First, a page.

Picnicing at an Urban Farm

By Melissa Pasanen, "Farm-Fresh Picnic," July/August 2010

Escape summer in the city with a farm-fresh picnic.

Traffic across the railroad tracks in Burlington, Vermont is brisk on summer Thursday afternoons as cyclists, walkers and cars head to the Intervale. Many come with baskets filled with picnic-ready dishes like our Grilled Shrimp Skewers over White Bean Salad. A band plays by the historic farmhouse and barn, picnic blankets patchwork the grass as farmers walk from their fields to set up heirloom-tomato tastings and women in colorful African clothing sell food made with vegetables they grew nearby. Children zigzag between friends and a local beekeeper explains the importance of protecting our pollinators.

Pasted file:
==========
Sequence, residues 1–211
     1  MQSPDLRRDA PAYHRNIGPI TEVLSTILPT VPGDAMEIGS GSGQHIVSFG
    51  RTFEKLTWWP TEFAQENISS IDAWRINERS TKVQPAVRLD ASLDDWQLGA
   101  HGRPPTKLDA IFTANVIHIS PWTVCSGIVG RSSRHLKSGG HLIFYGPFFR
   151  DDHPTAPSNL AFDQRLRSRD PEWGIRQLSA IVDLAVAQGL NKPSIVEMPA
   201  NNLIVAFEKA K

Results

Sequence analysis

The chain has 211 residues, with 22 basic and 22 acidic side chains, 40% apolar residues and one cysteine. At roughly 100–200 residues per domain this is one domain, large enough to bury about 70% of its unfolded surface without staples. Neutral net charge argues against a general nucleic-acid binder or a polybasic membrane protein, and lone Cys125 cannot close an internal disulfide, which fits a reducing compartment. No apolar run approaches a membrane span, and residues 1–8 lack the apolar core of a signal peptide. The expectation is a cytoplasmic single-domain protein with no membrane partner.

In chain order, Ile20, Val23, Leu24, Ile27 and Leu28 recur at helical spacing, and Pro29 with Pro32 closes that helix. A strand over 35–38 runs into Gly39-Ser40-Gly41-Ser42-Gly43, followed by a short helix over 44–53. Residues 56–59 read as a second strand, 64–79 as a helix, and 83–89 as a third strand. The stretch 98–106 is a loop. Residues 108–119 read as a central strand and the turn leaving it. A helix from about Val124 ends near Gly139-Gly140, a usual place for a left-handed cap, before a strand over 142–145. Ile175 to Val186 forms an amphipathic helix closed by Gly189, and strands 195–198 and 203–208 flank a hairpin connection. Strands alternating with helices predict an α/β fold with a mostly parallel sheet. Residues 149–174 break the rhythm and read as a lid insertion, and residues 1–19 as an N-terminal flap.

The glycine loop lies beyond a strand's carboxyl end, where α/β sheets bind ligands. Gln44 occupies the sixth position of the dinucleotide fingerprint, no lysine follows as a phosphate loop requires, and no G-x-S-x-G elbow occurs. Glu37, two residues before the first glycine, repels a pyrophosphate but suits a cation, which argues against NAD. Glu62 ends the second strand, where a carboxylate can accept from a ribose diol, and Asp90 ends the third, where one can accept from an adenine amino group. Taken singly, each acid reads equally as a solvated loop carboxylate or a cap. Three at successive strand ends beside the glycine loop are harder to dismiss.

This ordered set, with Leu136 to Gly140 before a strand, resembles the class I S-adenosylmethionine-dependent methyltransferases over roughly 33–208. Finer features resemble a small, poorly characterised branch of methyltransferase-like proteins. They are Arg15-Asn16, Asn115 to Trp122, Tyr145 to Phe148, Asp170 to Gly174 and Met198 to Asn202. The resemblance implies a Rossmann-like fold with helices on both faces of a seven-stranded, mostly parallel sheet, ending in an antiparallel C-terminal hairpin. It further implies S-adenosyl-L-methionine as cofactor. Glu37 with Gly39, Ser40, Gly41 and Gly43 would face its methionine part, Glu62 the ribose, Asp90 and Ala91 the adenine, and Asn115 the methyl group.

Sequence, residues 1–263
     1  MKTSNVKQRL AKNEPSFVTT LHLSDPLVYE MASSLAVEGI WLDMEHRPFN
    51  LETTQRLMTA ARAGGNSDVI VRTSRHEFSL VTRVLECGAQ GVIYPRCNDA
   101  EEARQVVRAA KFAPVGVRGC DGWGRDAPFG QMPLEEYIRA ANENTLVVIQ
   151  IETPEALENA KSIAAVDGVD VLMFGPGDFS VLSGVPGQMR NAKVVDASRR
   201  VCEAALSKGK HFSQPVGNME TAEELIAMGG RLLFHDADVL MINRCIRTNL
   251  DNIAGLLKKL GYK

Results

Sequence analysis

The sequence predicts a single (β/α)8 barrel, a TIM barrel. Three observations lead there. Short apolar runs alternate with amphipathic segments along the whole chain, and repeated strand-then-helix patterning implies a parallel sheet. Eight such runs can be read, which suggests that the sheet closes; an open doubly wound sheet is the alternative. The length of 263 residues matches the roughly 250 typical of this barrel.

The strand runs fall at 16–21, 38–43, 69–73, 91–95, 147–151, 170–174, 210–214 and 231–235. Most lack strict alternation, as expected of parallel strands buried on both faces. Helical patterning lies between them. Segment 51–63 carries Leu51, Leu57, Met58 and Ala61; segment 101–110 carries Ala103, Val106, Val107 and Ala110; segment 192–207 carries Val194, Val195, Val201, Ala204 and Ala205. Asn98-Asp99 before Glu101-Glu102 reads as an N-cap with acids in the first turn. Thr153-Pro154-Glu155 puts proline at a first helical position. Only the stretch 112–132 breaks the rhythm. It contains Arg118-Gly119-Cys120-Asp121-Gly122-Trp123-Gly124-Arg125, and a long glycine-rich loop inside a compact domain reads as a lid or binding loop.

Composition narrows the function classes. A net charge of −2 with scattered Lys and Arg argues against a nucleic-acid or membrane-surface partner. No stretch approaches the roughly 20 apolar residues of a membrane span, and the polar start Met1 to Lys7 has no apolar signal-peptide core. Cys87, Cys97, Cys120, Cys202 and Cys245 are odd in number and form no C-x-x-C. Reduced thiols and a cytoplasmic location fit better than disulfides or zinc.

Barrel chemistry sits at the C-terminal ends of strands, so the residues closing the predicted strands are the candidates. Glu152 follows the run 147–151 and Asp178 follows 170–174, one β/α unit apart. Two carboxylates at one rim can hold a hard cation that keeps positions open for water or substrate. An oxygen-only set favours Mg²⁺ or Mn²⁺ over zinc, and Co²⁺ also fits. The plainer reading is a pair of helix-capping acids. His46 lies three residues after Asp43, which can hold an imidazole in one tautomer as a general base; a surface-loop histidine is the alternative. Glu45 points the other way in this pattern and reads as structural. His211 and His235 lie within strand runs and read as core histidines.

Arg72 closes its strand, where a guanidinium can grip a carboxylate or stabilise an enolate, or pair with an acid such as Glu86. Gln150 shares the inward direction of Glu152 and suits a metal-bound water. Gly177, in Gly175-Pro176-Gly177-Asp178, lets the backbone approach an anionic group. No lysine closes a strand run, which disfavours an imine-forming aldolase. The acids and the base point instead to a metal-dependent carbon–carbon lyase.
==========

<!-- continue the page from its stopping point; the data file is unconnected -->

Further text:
Twenty-five years ago, Burlington’s city dwellers crossing the tracks would have seen derelict farms, illegal junkyards and a city dump choking the once fertile Winooski River floodplain. In 1986, a massive clean-up project initiated by local businessman and environmentalist Will Raap and his Gardener’s Supply Company removed hundreds of abandoned cars and almost 1,000 tires. “We had moved the company to the site of an abandoned slaughterhouse and next to a struggling dairy farm, remnants of the Intervale’s centuries-long proud history as Burlington’s farming and food hub,” Raap explains. “We vowed to rebuild it into ‘Burlington’s Farm’ and create a catalyst to bring food production back closer to kitchen tables.”

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